Exhibition Details


Location: Norton Photography Gallery
Dates: August 9, 2008
to November 15, 2008

Overview

Full of striking compositions, dramatic still lifes and exquisitely beautiful landscapes, Phoenix Art Museum presents an artistic exploration of Mexico seen through the lens of one of the twentieth century’s most influential photographers, Edward Weston. Edward Weston: Mexico examines a variety of Weston’s early and rare photographs revealing his devotion to the ideals of art, his progression toward the modernist style and his passion for love and life.

This stunning collection of 60 photographs displays the local culture and scenery of Mexico in the 1920s – a rich period for the arts known as the Mexican Renaissance. Weston used a large camera to create technically accomplished black-and-white photos rich in detail and markedly abstract. Mexico allowed him to experiment with new subject matter, such as still lifes and landscapes, making this period one of the most pivotal of his career.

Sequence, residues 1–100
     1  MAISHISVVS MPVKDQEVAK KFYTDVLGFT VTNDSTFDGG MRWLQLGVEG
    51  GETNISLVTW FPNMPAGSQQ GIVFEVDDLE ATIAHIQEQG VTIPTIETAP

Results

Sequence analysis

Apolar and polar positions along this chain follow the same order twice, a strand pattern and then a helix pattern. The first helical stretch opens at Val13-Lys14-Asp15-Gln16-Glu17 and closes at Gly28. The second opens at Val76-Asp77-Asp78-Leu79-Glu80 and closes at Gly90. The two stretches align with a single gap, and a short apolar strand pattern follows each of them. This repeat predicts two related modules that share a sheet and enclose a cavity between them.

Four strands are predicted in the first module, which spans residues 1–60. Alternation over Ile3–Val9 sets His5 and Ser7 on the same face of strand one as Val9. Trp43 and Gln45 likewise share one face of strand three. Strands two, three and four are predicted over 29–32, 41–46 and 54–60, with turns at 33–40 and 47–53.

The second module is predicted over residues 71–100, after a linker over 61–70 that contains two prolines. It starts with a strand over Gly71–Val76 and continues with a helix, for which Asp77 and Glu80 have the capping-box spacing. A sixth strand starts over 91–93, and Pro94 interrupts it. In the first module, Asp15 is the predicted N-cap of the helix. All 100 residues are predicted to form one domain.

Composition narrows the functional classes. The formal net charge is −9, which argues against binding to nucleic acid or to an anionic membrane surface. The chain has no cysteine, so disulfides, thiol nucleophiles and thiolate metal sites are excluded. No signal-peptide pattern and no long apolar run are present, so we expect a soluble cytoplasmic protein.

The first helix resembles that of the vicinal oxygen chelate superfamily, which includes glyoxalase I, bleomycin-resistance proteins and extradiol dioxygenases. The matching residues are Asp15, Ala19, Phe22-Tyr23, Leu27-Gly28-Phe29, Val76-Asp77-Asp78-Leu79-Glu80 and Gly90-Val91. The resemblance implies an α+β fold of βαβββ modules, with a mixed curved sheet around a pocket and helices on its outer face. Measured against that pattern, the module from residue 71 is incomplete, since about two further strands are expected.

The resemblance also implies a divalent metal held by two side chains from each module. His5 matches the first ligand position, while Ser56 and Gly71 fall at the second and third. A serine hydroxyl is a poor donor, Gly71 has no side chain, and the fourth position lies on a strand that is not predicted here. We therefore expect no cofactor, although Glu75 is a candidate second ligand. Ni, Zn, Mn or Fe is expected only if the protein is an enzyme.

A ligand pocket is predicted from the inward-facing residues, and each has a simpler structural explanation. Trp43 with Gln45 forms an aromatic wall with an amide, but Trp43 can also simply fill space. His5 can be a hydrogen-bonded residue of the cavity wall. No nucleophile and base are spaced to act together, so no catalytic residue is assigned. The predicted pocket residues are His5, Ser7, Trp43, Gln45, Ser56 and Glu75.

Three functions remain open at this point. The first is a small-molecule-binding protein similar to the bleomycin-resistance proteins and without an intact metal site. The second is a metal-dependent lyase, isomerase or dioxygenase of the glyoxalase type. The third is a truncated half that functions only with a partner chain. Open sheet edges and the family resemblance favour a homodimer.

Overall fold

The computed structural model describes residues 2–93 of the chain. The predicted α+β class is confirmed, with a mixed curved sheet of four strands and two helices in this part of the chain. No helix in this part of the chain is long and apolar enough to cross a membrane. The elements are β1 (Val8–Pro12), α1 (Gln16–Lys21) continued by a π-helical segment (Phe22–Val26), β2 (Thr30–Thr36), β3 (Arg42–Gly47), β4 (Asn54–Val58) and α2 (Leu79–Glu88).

A Career Transformed in Mexico

Born in 1886, Edward Weston began his career practicing a popular photographic style called Pictorialism, creating portraits and nudes. The pieces with minimum contrast and soft-focus had a dream like quality. In 1923, an uninspiring and stagnate commercial portrait business prompted Weston to relocate to Mexico with Modotti. While there, he created innovative work exploring a modernist aesthetic characterized by sharp focused portraits, abstractions, and richly textured still lifes. Weston’s work was met with praise and recognition in the midst of the vibrant Mexican artistic culture.

Inspired by a Love Affair

Weston spent roughly three-years in Mexico with his lover, Italian-born actress Tina Modotti. The powerful photographs in this collection visually tell the tale of his passion for both Modotti and his new environment. Modotti played a crucial role in Weston’s Mexican experience. She had visited the country before their move and together Modotti and Weston set up a commercial portrait studio as an income source. They explored the cultural climate of their new country, making friends with leading political figures, artists, and writers. Modotti also served as a model for Weston; some of this exhibition’s most entrancing photographs are of Weston’s partner and muse. A small selection of Modotti’s own Mexico photographs will be featured in the exhibition as well.

This exhibition, drawn from the collection of the Center for Creative Photography also includes archival materials – letters, journals and personal snapshots - that deeply enriches the story.